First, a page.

Long Essays

This is a collection of Reasearch Papers done by Upgraders.

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Law reform: Whose responsibility? Law reform: Whose responsibility?

This article looks at the law reform process and critically examines the efforts made so far towards marriage law reform (substance and process) in Zimbabwe with special focus on the efforts made by the Zimbabwe Women Lawyers Association (ZWLA), a non-governmental organization whose aim is to improve the status of women in Zimbabwe. Insight into the problems necessitating law reform is gained and obstacles that are responsible for the reluctance to reform the marriage laws unearthed. An effort has been made to understand the critical stages in effecting law reform in the Zimbabwean situation and to identify the actors involved, especially in reforming laws that are deemed to be discriminatory against women. Different researchers and writers from as early as 1980 have recommended that family laws, particularly marriage laws, be reformed in order for the status of women to be improved and for gender equality to be achieved. Interest in this topic has arisen from witnessing daily the problems that women face as a result of the current marriage laws. Furthermore, because the marriage law reform process has not yet been documented by ZWLA, important experiences might be lost if they are not recorded. ZWLA’s experiences form the basis of the paper and it is hoped that the lessons learned from these experiences will assist in future endeavours to reform other problematic laws. The article shows that law reform is a long process which should involve all concerned actors, given that the net effect is to change people’s way of life.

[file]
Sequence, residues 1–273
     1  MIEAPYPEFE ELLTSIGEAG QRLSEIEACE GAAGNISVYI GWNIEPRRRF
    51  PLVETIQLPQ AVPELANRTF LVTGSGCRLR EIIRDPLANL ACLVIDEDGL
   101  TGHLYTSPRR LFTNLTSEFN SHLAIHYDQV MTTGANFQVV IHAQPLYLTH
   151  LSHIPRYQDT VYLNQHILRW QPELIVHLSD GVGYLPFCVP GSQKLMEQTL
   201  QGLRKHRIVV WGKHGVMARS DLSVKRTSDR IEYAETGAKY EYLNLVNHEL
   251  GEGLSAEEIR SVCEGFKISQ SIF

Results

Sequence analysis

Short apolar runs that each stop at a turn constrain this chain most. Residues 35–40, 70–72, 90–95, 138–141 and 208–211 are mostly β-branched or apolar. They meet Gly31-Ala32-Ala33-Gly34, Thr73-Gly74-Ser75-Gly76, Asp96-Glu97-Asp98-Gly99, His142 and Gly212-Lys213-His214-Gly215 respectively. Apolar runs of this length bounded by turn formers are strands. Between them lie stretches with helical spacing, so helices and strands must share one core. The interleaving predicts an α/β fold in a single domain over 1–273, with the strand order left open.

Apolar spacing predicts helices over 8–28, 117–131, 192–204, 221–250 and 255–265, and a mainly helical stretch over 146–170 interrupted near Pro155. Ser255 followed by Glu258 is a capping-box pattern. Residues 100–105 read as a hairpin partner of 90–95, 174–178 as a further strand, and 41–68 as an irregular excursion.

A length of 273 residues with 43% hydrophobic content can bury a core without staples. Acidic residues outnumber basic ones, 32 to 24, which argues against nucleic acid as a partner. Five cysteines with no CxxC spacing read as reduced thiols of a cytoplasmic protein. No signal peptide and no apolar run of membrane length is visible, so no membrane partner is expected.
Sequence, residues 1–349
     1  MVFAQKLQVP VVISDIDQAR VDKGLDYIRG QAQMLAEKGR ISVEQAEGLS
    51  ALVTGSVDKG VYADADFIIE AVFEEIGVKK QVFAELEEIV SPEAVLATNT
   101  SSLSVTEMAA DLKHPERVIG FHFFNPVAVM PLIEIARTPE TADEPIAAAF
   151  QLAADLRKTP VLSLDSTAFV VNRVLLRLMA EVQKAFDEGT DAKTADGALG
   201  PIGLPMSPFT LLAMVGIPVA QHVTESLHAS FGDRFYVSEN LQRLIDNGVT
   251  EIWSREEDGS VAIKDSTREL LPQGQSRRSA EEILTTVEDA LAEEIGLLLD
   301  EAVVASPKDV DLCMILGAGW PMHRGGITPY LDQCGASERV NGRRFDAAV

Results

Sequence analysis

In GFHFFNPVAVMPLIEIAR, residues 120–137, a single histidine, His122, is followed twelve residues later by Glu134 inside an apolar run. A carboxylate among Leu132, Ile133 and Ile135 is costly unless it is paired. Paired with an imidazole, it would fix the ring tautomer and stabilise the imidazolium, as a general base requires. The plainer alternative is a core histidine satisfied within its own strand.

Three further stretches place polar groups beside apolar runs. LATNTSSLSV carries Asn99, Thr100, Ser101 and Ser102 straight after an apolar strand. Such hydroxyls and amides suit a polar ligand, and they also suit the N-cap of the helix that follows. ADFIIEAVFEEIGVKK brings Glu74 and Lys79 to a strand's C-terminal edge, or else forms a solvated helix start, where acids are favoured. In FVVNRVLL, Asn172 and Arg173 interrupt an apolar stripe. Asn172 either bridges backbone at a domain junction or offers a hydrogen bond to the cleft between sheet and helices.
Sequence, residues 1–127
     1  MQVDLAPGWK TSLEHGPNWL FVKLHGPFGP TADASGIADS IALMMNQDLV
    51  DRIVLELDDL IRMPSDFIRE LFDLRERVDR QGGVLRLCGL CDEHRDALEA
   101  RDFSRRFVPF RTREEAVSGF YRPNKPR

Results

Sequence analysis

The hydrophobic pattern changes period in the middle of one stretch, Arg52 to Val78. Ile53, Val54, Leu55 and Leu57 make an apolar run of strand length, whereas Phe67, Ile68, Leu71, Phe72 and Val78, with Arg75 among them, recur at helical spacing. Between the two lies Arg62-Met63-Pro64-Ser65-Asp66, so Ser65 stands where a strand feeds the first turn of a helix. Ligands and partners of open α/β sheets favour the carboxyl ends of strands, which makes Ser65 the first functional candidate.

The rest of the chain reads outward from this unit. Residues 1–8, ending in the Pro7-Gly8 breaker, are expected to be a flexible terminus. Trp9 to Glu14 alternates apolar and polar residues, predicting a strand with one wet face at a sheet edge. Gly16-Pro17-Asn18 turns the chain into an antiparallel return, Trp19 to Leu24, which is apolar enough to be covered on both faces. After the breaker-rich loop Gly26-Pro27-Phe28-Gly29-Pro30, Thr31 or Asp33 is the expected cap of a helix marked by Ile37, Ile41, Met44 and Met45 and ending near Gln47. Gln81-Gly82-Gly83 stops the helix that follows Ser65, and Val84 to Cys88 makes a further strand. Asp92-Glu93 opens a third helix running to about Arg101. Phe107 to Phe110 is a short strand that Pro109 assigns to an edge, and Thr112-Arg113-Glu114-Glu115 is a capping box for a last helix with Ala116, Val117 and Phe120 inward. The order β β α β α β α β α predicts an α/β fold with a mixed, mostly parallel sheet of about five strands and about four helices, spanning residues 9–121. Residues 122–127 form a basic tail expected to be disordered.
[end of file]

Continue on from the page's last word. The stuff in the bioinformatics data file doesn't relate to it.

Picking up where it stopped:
By Linda Kalenga

Judicial training on the use of human rights to promote gender equality An overview of the jurisprudence of the equality programme in Kenya Judicial training on the use of human rights to promote gender equality An overview of the jurisprudence of the equality programme in Kenya

International human rights law is constantly being refined and developed but in many countries, traditional legal training ignores the international dimension and lawyers and judges may know little about these comprehensive human rights law statements and provisions. This essay evaluates the Kenyan experience of an International Women Judges Foundation project which set out to close the gap between rhetoric and reality by implementing a unique judicial education programme entitled ‘Towards a jurisprudence of equality: women judges and human rights law’. The project equips judges with the knowledge and skills needed to resolve cases arising in their national courts which involve discrimination and/or violence against women, in accordance with the principles enshrined in international and regional human rights legislation. The author outlines the project’s activities in Kenya and concludes that the training programme has had a positive impact on the implementation of regional and international human rights law. She points out that a growing number of judicial officers are now willing to explore the protection offered by international instruments to safeguard the human rights of women and concludes that the training programme needs to be expanded to all judicial officers.

By Praxedes Tororey

 

Judicial training on the use of human rights to promote gender equality: An overview of the jurisprudence of the equality programme in Kenya
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International ‘drive’ for reforms on water International ‘drive’ for reforms on water